WRAPUP 3-US housing starts at 5-month high, still depressed

* New home construction rises 0.3 percent in September

* Residential construction rises to five-month high

* New permits fall 5.6 percent on multifamily
segment
(Adds details, updates markets to close)

By Lucia Mutikani

WASHINGTON, Oct 19 (BestGrowthStock) – Groundbreaking for new U.S.
homes scaled a five-month high in September, another sign the
housing market is bottoming, though permits for future building
fell.

While Tuesday’s data was encouraging, housing starts
remained at depressed levels and added to the case for more
monetary stimulus to shore up the sluggish economic recovery.

The Federal Reserve appears almost certain to signal it
will pump more money into the economy at its Nov. 2-3 policy
meeting through fresh purchases of government securities, but
it is unclear how large the program will be.

“The weakness on the housing front and the potential for a
further drag from housing will support greater quantitative
easing,” said Michelle Meyer, a senior economist at Bank of
America Merrill Lynch in New York, referring to the Fed’s
actions to keep rates low by making money cheaper.

“The likely scenario is that the Fed announces a program
where they buy up five hundred billion (dollars) over a
six-month period.”

Housing starts advanced for a third straight month, gaining
0.3 percent to a seasonally adjusted annual rate of 610,000
units in September, the Commerce Department said. August starts
were revised up to a 608,000-unit pace from 598,000 units.

Economists had expected groundbreaking activity to slip to
a 580,000-unit rate last month. Compared to September last
year, housing starts were up 4.1 percent.

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U.S. housing starts graphic: http://link.reuters.com/fyk29p

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The data had little impact on U.S. financial markets as
investors were digesting China’s first interest rate increase
in three years and expressions by several Fed officials on the
need for more monetary policy easing.

U.S. stocks (Read more about the stock market today. ) (.SPX: ) posted their biggest loss in two months,
also hurt by earnings from technology giants Apple (AAPL.O: ) and
IBM (IBM.N: ), which disappointed investors. For Wall St stocks
report see (.N: ). Investors also worried an investigation into
improper processing of home foreclosures could result in at
least one bank being forced to buy back mortgage bonds.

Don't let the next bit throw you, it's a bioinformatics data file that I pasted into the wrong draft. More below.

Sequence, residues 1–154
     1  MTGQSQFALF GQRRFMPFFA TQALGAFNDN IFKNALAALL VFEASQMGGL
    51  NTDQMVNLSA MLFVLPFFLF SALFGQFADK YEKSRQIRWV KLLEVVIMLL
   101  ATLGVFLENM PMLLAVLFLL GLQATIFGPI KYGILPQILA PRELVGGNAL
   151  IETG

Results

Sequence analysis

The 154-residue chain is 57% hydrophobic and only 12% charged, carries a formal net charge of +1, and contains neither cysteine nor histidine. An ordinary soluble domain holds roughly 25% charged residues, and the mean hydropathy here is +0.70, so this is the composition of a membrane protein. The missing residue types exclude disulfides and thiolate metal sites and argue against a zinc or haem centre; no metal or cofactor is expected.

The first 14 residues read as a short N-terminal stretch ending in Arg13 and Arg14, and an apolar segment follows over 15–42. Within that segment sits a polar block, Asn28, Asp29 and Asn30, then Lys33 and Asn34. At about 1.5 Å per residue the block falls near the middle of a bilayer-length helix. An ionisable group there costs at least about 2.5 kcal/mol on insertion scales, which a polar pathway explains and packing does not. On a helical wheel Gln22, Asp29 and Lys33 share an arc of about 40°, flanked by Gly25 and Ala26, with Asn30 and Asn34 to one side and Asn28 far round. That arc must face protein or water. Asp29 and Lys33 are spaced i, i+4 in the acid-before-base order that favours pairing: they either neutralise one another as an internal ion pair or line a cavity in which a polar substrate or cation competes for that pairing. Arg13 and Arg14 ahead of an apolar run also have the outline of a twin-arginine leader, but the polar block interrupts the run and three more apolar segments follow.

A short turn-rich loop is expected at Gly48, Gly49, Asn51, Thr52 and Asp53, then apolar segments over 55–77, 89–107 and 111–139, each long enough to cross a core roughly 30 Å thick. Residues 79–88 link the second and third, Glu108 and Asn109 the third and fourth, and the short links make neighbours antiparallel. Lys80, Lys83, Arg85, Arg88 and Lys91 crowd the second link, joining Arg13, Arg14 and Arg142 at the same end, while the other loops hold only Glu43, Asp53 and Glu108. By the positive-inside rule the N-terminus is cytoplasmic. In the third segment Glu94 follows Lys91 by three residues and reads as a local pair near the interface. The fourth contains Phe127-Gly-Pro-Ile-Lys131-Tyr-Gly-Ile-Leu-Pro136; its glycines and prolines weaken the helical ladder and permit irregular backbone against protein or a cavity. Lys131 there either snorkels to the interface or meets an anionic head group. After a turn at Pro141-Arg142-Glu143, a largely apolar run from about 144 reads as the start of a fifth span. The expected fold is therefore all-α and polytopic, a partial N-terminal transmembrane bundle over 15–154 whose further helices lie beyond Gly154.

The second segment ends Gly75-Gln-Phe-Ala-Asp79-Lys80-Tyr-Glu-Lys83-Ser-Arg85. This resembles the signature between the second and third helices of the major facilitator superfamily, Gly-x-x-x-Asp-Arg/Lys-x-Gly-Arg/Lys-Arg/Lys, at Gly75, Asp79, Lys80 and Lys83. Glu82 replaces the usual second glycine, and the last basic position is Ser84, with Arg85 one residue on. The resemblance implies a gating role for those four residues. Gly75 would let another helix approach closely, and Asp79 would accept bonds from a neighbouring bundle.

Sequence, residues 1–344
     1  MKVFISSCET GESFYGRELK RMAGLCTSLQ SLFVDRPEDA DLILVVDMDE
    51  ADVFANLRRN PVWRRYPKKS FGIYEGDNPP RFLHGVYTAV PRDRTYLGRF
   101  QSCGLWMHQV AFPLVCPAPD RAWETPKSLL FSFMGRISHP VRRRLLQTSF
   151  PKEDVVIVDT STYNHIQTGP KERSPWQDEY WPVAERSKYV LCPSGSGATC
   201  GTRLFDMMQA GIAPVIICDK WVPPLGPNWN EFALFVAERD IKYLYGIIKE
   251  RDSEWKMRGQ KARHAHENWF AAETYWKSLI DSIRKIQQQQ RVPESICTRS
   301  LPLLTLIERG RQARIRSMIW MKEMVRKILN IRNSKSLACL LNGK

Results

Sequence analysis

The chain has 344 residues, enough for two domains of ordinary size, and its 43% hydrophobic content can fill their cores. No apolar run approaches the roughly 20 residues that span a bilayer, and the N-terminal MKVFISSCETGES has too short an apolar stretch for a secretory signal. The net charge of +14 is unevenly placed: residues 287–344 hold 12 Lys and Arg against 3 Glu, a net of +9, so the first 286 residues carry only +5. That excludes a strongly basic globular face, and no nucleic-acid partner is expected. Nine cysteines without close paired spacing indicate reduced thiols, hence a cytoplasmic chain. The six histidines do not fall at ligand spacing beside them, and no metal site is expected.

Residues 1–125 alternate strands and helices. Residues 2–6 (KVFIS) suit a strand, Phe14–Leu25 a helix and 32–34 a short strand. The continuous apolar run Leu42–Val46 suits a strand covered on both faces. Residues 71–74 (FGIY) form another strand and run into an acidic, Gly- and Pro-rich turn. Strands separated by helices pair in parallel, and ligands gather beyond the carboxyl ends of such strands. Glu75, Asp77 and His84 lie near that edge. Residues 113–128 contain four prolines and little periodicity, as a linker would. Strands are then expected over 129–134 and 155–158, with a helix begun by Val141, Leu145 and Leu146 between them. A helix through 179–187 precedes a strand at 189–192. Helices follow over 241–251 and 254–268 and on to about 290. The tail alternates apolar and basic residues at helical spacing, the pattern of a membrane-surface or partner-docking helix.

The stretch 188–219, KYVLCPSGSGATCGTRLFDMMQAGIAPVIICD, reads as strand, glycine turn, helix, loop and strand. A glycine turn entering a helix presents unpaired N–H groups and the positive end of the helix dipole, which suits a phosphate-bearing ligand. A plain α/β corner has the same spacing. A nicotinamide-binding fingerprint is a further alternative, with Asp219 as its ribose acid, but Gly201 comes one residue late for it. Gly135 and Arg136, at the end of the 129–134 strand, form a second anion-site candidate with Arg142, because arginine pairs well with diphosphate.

Prices for U.S. government debt (US10YT=RR: ) rose, while the
dollar saw its biggest gain versus a basket of currencies
(.DXY: ) since August.

NO CONSENSUS ON POLICY EASING

Three officials at the Fed — the U.S. central bank — made
the case for further easing on Tuesday, with Atlanta Fed
President Dennis Lockhart saying purchases of $100 billion a
month could help to achieve the desired effect of stimulating
the economy.

But there is no unanimity on the need for more monetary
stimulus. One Fed official said the argument had not been made
conclusively, while another voiced skepticism over the
effectiveness of a second round of asset purchases.
[ID:nN19117919]

The economy’s recovery from the worst recession since the
Great Depression has slowed and the Fed worries that sluggish
demand given a 9.6 percent unemployment rate could end up in a
crippling downward spiral in prices.

The Fed has already taken benchmark interest rates
effectively to zero and bought some $1.7 trillion in Treasury
and mortgage-related debt.

The housing market is starting to settle down after hefty
declines following the expiration of a government tax credit
for home buyers. A survey on Monday showed sentiment among home
builders edged up this month.

However, recovery will likely be feeble amid an overhang of
unsold homes and stubbornly high unemployment, even though
mortgage rates are near record lows.

New building permits dropped 5.6 percent to a 539,000-unit
pace last month after a 2.1 percent increase in August. Permits
were dragged down by a 20.2 percent tumble in multifamily units. Permits for single-family homes rose 0.5 percent.

Economists had expected overall building permits to rise to
a 580,000-unit pace in September.

“Mounting shadow inventories, near record-low home sales
and a lack of jobs mean any pick-up will be painful and will
take time to develop,” said Yelena Shulyatyeva, an economist at
BNP Paribas in New York.

Groundbreaking last month was lifted by a 4.4 percent
increase in single-family home construction. Starts for the
volatile multifamily segment fell 9.7 percent.

Analysts are keeping a wary eye on the foreclosures
investigation, which they fear may stall the housing market’s
recovery as banks hold back on planned foreclosures. The White
House warned banks on Tuesday it would pursue them for any
mortgage practices that violated the law. [ID:nN19125216]

“As we see it, if the costs and risks of lending have
risen, even as a result of recognizing past mistakes, lenders
may back away from their incipient recovery in lending
appetite,” said Steven Wieting, an economist at Citigroup in
New York.

“Sales disruptions would tend to be more concentrated in
distressed home resale markets than new home sales and
construction.”
(Editing by James Dalgleish)

WRAPUP 3-US housing starts at 5-month high, still depressed